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PASSCAL Obtains New Automated Seismic Source

PASSCAL has purchased its first fully automated seismic source, a Propelled Energy Generator, model: PEG-40Kg manufactured by R.T. Clark Companies, Inc. The system is light weight, and highly portable, and is designed to easily mount onto a truck or SUV hitch. Seismic energy is produced when  a large hammer mass weight is propelled by an elastomer band (i.e. a very large rubber band) onto an impact plate, producing an impact frequency range of 10-250Hz. The source is controlled with a hand held motor controller,  and can operate in single cycle or continuous cycle mode. The device is powered by a 12V large capacity battery (car battery).  The PEG-40Kg was received, assembled, and field-tested by  PASSCAL staff on June 23rd-28th, 2011.

Here are pictures of the initial deployment of the new apparatus at the IRIS/PASSCAL Instrument Center.  Click on any image to see a larger version.

IRIS/PASSCAL staff on hand for the debut of the PEG-40Kg Thumper: L-R, Mike Fort, Greg Chavez, Brit O'Neill, Patrick Bastien, and summer intern Jennifer Tarnowski.  In this image, the unit is fully assembled: the blue gear box is in place, with white protective pieces shielding the rubber band, gears and chain.  The top of the weight drop is secured with a strap to the truck bed.  The white box Brit is holding connects a battery (in the truck bed) and the controller, which Greg is holding, to the motor in the gear box.




Here, the PEG-40kg is being mounted on the PASSCAL truck for its first test deployment.  In this photo, the unit is partially assembled and attached to the hitch on the back of the pickup.  The triangular object is a very hefty rubber band which accelerates the weight as it drops.  The weight is the dark cylinder, resting on the strike plate, extending up through an aluminum sleeve and painted red on the upper half.

In this picture, NMT Earth and Environmental Science Professor and PASSCAL PI Rick Aster (left) discusses the new device with visiting ExxonMobil representative C. Payton Todd and Jennifer Tarnowski.  The gear box will sit on the aluminum arms that are sticking out in front of Rick's foot.  The chain on the gear box has two pegs sticking out to the sides of it.  As the chain travels over the gears, the pegs catch the little red extension sticking out from the weight, to the left of Rick's knee, and lift the weight to the top.  When the chain travels over the top of the upper gear, the pegs are pulled away, and the weight is released.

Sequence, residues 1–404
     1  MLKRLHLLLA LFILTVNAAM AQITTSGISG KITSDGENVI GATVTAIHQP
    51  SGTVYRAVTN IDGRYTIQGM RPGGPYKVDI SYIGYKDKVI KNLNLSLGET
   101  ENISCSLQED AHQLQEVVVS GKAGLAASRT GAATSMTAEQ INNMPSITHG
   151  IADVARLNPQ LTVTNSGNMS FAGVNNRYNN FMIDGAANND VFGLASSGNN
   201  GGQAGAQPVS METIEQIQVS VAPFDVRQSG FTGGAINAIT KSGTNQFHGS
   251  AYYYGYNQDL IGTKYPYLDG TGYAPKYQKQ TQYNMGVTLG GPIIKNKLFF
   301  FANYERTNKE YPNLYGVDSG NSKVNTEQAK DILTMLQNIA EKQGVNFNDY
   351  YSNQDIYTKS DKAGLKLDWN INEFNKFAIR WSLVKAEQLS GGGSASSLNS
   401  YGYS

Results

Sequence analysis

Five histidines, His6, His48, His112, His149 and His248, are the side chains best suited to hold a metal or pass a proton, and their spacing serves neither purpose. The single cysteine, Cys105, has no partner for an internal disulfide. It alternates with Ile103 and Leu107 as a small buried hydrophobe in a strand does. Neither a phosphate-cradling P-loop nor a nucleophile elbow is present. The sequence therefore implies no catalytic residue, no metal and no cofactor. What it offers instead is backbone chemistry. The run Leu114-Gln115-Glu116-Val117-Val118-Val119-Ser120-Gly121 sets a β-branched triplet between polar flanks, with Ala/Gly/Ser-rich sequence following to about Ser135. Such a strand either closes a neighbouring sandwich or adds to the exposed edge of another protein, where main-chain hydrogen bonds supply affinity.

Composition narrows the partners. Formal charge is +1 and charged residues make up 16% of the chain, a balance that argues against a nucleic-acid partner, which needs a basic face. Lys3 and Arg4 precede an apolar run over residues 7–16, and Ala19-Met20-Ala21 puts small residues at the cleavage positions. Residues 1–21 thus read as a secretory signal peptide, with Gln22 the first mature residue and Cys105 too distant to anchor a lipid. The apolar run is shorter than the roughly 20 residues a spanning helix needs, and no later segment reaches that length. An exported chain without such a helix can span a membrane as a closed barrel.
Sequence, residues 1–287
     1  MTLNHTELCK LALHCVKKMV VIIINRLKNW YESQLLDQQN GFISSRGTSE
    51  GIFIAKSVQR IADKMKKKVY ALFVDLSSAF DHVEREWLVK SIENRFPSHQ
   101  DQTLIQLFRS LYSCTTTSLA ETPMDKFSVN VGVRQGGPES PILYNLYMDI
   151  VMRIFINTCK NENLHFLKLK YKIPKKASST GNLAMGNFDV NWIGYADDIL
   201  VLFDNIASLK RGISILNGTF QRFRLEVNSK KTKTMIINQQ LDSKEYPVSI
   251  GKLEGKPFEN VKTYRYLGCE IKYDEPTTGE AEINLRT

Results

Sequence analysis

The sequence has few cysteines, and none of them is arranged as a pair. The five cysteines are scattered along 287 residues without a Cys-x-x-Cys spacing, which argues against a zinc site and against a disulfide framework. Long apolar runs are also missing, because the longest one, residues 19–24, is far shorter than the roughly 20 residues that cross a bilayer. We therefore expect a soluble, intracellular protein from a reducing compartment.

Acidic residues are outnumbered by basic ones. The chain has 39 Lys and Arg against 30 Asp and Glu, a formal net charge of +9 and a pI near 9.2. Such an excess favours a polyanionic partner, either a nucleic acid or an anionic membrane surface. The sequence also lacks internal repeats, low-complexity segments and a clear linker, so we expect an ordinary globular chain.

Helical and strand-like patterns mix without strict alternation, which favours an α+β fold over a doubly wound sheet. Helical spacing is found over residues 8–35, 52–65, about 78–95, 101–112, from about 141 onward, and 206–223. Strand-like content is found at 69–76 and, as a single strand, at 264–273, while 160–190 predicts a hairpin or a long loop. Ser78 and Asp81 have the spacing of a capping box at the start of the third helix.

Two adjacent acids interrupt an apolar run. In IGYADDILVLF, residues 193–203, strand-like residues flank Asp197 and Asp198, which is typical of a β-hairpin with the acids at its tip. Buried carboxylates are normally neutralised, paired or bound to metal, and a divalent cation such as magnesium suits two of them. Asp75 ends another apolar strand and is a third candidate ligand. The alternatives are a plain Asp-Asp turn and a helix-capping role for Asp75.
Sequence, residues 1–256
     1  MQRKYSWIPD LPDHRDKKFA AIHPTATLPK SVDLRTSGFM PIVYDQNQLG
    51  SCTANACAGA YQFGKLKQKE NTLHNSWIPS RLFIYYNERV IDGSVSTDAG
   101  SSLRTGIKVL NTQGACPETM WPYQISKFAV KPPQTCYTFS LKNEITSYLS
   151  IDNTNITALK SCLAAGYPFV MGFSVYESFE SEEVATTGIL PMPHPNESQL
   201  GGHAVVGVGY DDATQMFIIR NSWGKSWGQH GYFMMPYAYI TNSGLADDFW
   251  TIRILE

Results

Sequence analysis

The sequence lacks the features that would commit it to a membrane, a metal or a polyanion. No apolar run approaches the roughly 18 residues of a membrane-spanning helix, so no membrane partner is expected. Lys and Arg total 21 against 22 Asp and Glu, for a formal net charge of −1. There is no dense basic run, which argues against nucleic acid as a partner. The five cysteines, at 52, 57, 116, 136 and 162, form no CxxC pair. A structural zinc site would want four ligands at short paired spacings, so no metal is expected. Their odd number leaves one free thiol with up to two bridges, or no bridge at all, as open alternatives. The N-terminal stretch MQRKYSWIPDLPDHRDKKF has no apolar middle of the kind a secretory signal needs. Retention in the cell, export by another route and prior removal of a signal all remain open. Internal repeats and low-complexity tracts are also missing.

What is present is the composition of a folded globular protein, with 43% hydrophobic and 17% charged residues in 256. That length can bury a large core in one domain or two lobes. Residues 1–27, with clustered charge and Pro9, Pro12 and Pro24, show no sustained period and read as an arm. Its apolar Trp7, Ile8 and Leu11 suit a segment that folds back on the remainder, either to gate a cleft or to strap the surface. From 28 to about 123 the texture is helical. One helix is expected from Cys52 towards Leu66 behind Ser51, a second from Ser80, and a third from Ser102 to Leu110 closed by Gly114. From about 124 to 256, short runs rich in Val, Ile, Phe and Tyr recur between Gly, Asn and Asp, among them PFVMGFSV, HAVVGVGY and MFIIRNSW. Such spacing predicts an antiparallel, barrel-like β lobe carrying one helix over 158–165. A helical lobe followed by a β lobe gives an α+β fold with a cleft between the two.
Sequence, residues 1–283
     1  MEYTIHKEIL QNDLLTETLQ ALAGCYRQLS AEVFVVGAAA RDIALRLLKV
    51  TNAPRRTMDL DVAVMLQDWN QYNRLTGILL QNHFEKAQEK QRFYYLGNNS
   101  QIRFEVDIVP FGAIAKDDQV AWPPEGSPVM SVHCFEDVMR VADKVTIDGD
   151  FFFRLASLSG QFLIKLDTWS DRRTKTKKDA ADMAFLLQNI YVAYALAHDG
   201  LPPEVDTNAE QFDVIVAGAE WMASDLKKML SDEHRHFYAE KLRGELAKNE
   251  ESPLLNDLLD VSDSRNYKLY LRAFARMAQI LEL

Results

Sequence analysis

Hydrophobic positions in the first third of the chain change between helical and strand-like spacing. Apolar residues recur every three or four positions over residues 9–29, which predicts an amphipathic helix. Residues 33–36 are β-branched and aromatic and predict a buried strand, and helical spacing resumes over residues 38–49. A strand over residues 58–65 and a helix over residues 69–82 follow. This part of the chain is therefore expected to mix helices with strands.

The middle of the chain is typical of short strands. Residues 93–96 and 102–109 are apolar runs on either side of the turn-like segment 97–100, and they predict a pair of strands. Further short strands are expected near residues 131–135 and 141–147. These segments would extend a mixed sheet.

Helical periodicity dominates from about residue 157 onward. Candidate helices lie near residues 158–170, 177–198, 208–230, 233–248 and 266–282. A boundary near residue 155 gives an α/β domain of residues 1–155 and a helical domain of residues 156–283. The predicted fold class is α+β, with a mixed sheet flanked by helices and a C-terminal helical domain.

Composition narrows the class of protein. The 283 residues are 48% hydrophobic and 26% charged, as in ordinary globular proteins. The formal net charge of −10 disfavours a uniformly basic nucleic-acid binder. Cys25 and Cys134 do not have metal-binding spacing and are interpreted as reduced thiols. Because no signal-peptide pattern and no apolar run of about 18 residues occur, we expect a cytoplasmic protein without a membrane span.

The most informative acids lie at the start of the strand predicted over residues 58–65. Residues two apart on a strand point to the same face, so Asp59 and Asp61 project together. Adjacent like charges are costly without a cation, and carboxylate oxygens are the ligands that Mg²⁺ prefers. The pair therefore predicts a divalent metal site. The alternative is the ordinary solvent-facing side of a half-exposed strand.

This image shows Greg Chavez, with Mike Fort several meters behind, and  Jennifer Tarnowski in the far distance, laying out a string of geophones to record the Thumper's signal.

This data plot shows the imparted force, in pounds, for five thumps of the new device.  Here, the Thumper is packing around 25,000 pounds per wallop.

This "gather" plot for the line of geophones shows three stacked shots measured as intern Jennifer Tarnowski struck the heavy steel plate with a sledge hammer repeatedly.  The data were recorded with a 24-channel Geode cable array, using 40-Hz geophones spaced 3 meters apart over a length of 69 meters. The impacts were made near the first geophone. 

This "gather" reveals the considerable power produced by a single shot of the PEG-40Kg Thumper. The geophones were still laid out as described in the preceding plot showing human-generated impacts. For both gathers, the horizontal axis is distance from source in meters, and the vertical axis is time in milliseconds.

Click the image at left to see a video of the Thumper starting down the line.  Here, a trigger switch is attached to the strike plate, allowing for automatic triggering of the Geode recording the signal from the geophones.  In this video, Greg Chavez cycles the Thumper through two drops.  The sound as the Thumper strikes the plate is audible.

The new Thumper unit is currently being shipped to Nairobi, Kenya for its first active source project. The energy penetration capabilities of the Propelled Energy Source will allow PASSCAL equipment users to survey lower depths more accurately.  Contact gchavez [at] passcal [dot] nmt [dot] edu (Greg Chavez at IRIS/PASSCAL) to learn more about the capability and availability of the PEG-40Kg.

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